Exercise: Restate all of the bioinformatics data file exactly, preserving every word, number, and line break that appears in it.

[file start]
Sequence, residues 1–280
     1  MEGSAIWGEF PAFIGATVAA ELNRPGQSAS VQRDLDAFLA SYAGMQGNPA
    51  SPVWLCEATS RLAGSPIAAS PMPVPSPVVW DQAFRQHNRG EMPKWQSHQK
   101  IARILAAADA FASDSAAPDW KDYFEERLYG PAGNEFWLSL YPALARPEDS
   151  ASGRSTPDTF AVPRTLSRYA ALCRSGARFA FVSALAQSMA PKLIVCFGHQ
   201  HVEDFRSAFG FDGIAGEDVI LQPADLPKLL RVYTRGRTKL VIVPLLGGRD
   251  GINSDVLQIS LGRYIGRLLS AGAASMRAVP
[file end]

Sequence, residues 1–280
     1  MEGSAIWGEF PAFIGATVAA ELNRPGQSAS VQRDLDAFLA SYAGMQGNPA
    51  SPVWLCEATS RLAGSPIAAS PMPVPSPVVW DQAFRQHNRG EMPKWQSHQK
   101  IARILAAADA FASDSAAPDW KDYFEERLYG PAGNEFWLSL YPALARPEDS
   151  ASGRSTPDTF AVPRTLSRYA ALCRSGARFA FVSALAQSMA PKLIVCFGHQ
   201  HVEDFRSAFG FDGIAGEDVI LQPADLPKLL RVYTRGRTKL VIVPLLGGRD
   251  GINSDVLQIS LGRYIGRLLS AGAASMRAVP